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Johann Frick [7]Johann David Frick [1]
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Johann Frick
Princeton University
  1. Contractualism and Social Risk.Johann Frick - 2015 - Philosophy and Public Affairs 43 (3):175-223.
  2.  74
    On the Survival of Humanity.Johann Frick - 2017 - Canadian Journal of Philosophy 47 (2-3):344-367.
    What moral reasons, if any, do we have to ensure the long-term survival of humanity? This article contrastively explores two answers to this question: according to the first, we should ensure the survival of humanity because we have reason to maximize the number of happy lives that are ever lived, all else equal. According to the second, seeking to sustain humanity into the future is the appropriate response to the final value of humanity itself. Along the way, the article discusses (...)
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  3.  34
    Conditional Reasons and the Procreation Asymmetry.Johann Frick - 2020 - Philosophical Perspectives 34 (1):53-87.
    Philosophical Perspectives, Volume 34, Issue 1, Page 53-87, December 2020.
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  4.  58
    What We Owe to Hypocrites: Contractualism and the Speaker‐Relativity of Justification.Johann Frick - 2016 - Philosophy and Public Affairs 44 (4):223-265.
  5.  5
    Morality and Institutional Detail in the Law of Torts: Reflections on Goldberg’s and Zipursky’s Recognizing Wrongs.Tom Dougherty & Johann Frick - forthcoming - Law and Philosophy:1-37.
    In their brilliant and thought-provoking book Recognizing Wrongs, John Goldberg and Benjamin Zipursky offer a vindicatory interpretation of the law of torts. As part of this, they offer a justification for what they call the “principle of civil recourse.” This is the principle that “a person who enjoys a certain kind of legal right, and whose right has been violated by another, is entitled to enlist the state’s aid in enforcing that right, or to make demands in response to its (...)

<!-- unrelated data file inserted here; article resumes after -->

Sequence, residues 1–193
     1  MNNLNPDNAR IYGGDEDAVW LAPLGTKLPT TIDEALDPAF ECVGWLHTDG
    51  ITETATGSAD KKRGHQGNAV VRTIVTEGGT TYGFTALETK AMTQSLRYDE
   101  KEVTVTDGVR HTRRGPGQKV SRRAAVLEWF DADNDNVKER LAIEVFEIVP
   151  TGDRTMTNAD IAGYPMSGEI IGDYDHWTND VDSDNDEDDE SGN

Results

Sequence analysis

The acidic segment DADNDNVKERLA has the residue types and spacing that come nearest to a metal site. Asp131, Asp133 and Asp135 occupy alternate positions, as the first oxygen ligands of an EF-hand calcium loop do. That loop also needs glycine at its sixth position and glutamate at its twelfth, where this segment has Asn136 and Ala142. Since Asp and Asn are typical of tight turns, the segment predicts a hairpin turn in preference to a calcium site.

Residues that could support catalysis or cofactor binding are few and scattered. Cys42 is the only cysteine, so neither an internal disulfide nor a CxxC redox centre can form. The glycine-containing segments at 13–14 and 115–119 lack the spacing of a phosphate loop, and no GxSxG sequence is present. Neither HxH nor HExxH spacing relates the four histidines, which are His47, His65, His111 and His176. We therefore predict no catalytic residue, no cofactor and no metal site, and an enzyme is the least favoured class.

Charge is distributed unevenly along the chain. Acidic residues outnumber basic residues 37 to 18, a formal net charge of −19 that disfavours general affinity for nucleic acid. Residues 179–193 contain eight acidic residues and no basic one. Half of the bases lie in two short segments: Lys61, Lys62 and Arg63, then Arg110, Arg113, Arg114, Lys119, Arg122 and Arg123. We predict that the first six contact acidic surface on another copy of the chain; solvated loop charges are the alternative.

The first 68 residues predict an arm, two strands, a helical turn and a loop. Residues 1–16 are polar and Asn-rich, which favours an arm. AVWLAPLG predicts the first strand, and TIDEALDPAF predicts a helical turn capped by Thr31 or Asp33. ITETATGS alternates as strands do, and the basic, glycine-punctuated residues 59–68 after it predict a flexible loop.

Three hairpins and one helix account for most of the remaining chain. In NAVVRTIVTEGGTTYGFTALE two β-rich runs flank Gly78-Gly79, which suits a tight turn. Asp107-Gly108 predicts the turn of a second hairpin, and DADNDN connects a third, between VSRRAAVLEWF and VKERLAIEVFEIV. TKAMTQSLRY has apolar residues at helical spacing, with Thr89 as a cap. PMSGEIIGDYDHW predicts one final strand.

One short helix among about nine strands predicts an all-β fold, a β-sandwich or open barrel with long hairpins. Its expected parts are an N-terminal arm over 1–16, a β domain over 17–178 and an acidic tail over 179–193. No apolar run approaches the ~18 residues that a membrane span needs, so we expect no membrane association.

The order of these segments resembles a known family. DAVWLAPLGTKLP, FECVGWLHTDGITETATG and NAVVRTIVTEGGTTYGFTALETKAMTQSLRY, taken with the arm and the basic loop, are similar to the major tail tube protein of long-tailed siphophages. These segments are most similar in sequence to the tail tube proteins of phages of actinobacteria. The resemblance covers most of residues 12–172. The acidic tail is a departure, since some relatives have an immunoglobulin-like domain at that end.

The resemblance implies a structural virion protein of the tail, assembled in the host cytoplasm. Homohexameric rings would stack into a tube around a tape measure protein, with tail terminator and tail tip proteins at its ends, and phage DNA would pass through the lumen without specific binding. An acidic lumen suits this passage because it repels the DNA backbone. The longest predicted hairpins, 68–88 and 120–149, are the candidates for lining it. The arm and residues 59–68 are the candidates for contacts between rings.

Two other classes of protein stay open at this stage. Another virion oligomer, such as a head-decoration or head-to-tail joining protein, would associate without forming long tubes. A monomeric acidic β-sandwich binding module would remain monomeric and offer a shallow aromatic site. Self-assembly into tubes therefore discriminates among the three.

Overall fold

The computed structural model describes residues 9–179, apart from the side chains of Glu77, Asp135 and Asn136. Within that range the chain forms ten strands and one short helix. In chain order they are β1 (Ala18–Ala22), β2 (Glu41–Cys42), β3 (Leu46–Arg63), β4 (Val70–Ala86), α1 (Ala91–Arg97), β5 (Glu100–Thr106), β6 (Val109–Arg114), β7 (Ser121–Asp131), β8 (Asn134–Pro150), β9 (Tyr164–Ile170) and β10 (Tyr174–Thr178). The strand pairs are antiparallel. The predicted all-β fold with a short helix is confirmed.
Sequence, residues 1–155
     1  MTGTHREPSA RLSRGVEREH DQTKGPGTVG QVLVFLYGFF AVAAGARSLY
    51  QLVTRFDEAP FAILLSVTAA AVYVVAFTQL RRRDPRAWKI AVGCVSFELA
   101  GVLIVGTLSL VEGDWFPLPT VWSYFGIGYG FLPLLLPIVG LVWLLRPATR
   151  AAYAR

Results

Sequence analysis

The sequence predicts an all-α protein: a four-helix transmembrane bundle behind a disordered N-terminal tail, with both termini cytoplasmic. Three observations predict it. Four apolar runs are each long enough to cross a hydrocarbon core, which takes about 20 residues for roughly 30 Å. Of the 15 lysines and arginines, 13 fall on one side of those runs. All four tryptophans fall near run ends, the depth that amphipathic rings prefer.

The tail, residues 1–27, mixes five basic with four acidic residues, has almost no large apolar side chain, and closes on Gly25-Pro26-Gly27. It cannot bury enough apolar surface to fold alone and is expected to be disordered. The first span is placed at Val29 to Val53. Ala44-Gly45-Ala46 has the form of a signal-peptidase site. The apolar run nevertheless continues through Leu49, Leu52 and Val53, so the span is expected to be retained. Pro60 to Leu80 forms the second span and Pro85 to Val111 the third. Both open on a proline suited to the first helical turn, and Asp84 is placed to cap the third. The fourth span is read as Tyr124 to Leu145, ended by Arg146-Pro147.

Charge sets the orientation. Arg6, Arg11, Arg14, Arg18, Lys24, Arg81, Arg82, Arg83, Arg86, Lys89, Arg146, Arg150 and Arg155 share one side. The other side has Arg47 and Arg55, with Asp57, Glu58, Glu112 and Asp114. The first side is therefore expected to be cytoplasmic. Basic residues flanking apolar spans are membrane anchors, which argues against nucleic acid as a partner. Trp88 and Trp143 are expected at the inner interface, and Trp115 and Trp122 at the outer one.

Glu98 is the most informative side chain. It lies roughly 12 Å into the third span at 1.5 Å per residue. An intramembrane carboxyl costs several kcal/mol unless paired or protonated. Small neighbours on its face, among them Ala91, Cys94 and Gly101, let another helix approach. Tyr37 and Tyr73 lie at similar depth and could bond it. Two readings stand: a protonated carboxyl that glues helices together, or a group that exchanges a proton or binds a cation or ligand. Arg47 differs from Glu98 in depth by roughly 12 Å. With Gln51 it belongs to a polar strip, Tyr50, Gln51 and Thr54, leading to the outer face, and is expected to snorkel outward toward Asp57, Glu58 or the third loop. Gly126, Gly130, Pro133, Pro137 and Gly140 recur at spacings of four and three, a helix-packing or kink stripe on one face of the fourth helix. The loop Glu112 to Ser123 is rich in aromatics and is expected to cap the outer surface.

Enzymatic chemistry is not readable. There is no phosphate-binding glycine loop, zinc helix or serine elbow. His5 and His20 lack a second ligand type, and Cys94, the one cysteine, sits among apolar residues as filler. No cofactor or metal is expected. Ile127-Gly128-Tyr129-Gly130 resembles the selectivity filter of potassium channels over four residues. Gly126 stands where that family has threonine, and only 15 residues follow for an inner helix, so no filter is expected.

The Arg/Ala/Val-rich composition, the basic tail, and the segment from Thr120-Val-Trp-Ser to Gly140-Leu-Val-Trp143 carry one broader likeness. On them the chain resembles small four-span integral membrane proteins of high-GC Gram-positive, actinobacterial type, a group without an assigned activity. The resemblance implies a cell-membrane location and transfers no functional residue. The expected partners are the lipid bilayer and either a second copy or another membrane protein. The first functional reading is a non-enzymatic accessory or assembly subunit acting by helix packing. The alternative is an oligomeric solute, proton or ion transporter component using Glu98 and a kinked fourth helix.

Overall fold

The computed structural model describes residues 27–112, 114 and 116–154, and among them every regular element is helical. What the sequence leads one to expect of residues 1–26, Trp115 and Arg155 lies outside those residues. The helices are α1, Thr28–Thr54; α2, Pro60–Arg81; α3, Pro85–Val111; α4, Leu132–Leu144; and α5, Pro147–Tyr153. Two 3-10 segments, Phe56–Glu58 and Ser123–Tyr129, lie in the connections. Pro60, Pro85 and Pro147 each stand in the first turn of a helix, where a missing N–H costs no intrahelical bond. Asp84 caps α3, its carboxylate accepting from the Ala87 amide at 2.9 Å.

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  6. De Ortu Philosophiægræorum.Johann Frick - 1695
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  7. National Partiality, Immigration, and the Problem of Double-Jeopardy.Johann Frick - 2020 - In David Sobel, Peter Vallentyne & Steven Wall (eds.), Oxford Studies in Political Philosophy Volume 6. Oxford, UK: Oxford University Press. pp. 151-183.
    The foundational conviction of contemporary liberal thought is that all persons possess equal moral worth and are entitled to equal concern and respect by others. At the same time, nation states, as the primary organs of our collective self-governance, frequently pursue policies that are strikingly partial towards the interests of compatriots over those of foreigners. A common strategy for justifying this national partiality is to view it as grounded in associative obligations that we incur by standing in special relationships with (...)
     
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